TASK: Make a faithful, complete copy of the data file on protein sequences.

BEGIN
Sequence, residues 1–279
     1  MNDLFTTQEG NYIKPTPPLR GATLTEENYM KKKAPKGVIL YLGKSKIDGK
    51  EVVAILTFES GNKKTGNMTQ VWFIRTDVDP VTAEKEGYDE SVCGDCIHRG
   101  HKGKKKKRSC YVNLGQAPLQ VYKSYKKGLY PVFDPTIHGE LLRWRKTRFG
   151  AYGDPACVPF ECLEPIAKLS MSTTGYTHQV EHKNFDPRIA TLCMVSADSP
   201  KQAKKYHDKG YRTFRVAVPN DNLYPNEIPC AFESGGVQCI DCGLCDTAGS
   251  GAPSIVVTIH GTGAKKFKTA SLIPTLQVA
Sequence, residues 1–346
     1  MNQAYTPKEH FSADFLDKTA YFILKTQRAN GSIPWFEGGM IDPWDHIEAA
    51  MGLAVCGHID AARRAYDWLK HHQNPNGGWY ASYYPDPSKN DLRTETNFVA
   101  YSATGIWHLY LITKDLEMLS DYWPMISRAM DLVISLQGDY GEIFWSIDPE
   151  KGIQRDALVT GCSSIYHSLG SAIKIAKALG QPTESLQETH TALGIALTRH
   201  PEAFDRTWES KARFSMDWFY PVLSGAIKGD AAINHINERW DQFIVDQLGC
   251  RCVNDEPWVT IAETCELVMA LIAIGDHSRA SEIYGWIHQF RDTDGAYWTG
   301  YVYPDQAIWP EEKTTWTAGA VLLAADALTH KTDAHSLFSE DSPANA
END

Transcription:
Sequence, residues 1–279
     1  MNDLFTTQEG NYIKPTPPLR GATLTEENYM KKKAPKGVIL YLGKSKIDGK
    51  EVVAILTFES GNKKTGNMTQ VWFIRTDVDP VTAEKEGYDE SVCGDCIHRG
   101  HKGKKKKRSC YVNLGQAPLQ VYKSYKKGLY PVFDPTIHGE LLRWRKTRFG
   151  AYGDPACVPF ECLEPIAKLS MSTTGYTHQV EHKNFDPRIA TLCMVSADSP
   201  KQAKKYHDKG YRTFRVAVPN DNLYPNEIPC AFESGGVQCI DCGLCDTAGS
   251  GAPSIVVTIH GTGAKKFKTA SLIPTLQVA
Sequence, residues 1–346
     1  MNQAYTPKEH FSADFLDKTA YFILKTQRAN GSIPWFEGGM IDPWDHIEAA
    51  MGLAVCGHID AARRAYDWLK HHQNPNGGWY ASYYPDPSKN DLRTETNFVA
   101  YSATGIWHLY LITKDLEMLS DYWPMISRAM DLVISLQGDY GEIFWSIDPE
   151  KGIQRDALVT GCSSIYHSLG SAIKIAKALG QPTESLQETH TALGIALTRH
   201  PEAFDRTWES KARFSMDWFY PVLSGAIKGD AAINHINERW DQFIVDQLGC
   251  RCVNDEPWVT IAETCELVMA LIAIGDHSRA SEIYGWIHQF RDTDGAYWTG
   301  YVYPDQAIWP EEKTTWTAGA VLLAADALTH KTDAHSLFSE DSPANA